The BBC's managers thought they could kill the Savile sex abuse story. Now it is coming back to haunt them
Put yourself in the place of Peter Rippon. The editor of Newsnight knew in December 2011 that his journalists had not only done a good job, but an extraordinarily difficult job. Anyone who has tried to help a victim of rape knows that on-the-record testimony is hard to come by. Women, and indeed men, hide their humiliation. They fear that others will not believe them, or if they do, will think them sluts, who have no one to blame but themselves. In the worst circumstances, they do blame themselves.
Despite the obstacles, Liz Mac-Kean and her producer Meirion Jones tracked down ten abused women and persuaded them to talk. Their allegations were sensational. Jimmy Savile, BBC disc jockey and children’s television star, was a child abuser and had been for decades. Savile had died in October 2011, and there was no risk of England’s libel laws performing their customary role as censor for the wealthy. The risk of embarrassing Rippon’s superiors, however, was great. Middle manager spoke unto upper-middle manager. Word of the investigation reached George Entwistle, who then bore the absurd title of “Director of BBC Vision”. The visionary director was preparing to broadcast a hagiographic documentary that praised Savile’s charitable work and love of children.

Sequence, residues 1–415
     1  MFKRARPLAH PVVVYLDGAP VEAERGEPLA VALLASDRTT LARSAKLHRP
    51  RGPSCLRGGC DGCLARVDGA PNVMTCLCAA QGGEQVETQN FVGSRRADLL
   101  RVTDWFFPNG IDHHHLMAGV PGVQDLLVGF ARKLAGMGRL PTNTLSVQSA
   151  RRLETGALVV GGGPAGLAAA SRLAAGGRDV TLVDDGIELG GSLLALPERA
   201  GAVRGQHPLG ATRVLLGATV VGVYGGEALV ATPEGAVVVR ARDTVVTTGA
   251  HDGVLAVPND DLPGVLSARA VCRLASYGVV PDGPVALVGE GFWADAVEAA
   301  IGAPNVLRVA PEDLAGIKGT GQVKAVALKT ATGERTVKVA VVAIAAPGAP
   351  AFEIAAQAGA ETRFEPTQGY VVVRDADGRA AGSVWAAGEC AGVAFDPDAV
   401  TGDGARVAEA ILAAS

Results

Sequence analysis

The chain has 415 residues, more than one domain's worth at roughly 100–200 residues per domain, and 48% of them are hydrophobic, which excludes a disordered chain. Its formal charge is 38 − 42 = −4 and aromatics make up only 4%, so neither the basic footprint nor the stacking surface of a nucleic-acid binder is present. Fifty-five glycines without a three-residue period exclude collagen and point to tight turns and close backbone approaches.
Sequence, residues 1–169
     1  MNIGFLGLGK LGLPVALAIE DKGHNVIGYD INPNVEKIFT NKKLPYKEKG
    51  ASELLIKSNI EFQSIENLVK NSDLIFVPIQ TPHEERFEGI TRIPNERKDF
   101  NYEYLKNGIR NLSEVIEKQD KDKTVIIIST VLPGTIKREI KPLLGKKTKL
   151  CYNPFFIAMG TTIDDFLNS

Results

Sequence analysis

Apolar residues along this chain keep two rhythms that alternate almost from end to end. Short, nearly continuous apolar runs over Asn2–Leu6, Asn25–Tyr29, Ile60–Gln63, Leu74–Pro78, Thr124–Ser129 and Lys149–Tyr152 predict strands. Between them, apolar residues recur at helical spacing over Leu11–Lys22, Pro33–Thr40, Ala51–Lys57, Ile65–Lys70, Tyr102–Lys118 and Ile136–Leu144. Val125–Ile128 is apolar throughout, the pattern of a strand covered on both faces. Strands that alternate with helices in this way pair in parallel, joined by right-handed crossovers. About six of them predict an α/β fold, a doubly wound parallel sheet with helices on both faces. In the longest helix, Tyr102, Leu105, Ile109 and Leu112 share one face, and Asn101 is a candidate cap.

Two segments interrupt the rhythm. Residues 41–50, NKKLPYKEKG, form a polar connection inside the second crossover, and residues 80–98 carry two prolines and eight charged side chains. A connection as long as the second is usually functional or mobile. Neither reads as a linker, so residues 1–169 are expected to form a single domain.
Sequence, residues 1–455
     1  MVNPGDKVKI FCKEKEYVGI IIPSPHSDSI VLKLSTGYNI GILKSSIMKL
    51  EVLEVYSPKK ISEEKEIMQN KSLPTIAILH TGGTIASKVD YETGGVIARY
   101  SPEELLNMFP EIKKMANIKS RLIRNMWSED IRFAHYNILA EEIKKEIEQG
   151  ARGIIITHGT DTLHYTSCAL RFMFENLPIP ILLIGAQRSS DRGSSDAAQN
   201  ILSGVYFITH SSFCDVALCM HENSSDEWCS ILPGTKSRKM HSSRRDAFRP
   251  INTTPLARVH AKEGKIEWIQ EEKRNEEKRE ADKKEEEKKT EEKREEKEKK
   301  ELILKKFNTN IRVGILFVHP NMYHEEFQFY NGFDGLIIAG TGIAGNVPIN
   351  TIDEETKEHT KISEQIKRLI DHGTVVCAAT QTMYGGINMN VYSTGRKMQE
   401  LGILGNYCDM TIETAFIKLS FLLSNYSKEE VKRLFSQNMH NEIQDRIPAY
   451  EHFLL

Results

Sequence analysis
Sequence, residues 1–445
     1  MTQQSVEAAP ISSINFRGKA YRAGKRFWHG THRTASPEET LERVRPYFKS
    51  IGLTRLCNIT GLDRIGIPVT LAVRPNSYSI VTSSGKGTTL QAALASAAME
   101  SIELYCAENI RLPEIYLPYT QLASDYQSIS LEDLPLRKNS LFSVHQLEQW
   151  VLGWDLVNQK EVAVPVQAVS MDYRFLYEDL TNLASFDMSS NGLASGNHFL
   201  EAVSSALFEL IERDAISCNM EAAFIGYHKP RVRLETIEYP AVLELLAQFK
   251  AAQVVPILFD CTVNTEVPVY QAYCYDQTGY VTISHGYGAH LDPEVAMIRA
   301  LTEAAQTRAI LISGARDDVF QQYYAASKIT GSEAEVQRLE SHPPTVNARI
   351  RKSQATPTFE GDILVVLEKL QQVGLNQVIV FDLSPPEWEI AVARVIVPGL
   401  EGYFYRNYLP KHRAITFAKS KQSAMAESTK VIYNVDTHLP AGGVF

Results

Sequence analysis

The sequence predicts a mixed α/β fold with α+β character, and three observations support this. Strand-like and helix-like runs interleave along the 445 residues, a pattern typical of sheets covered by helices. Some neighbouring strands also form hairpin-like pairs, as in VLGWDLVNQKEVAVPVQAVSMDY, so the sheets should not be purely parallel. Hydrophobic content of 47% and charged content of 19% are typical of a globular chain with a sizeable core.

Entwistle, now the BBC’s director general, was very careful indeed to say that no one told him why Newsnight was investigating Savile — because he could not have run his eulogy for the dirty old man if he had known. Instead, he said on the Today programme last month that the decision whether to broadcast was Rippon’s alone: “He was not brought under any pressure from anybody in the management chain in his own division or elsewhere to make a different judgment than the one he made.”
He just knew that his bosses were watching him. You can always find reasons to kill investigative journalism. By its nature, it is unsettling and controversial. Rippon explained that he suppressed his colleagues’ story because Savile was dead and there was no “public interest” in dragging up old muck. He could not prove that the police and prosecutors had failed in their duty to pursue Savile. And so on and on he went. On one point, he was insistent. There was no connection between the BBC tribute to Savile and its corporate desire to avoid embarrassing questions and his decision to censor.
Media managers suffer from delusions of omnipotence. They think that if they kill a story it stays in the grave. They do not understand that if witnesses talk to one journalist they will talk to others if their story is ignored. ITV broadcast the testimony of women who said that Savile had abused them when they were girls on BBC premises and at a children’s home. By early last month, the police had 130 lines of inquiry, and Liz MacKean had taken redundancy from the BBC. The excuses Newsnight offered look cowardly in retrospect and must have seemed pathetic to MacKean and her colleagues at the time. You have ten independent source — ten! — and still you keep quiet.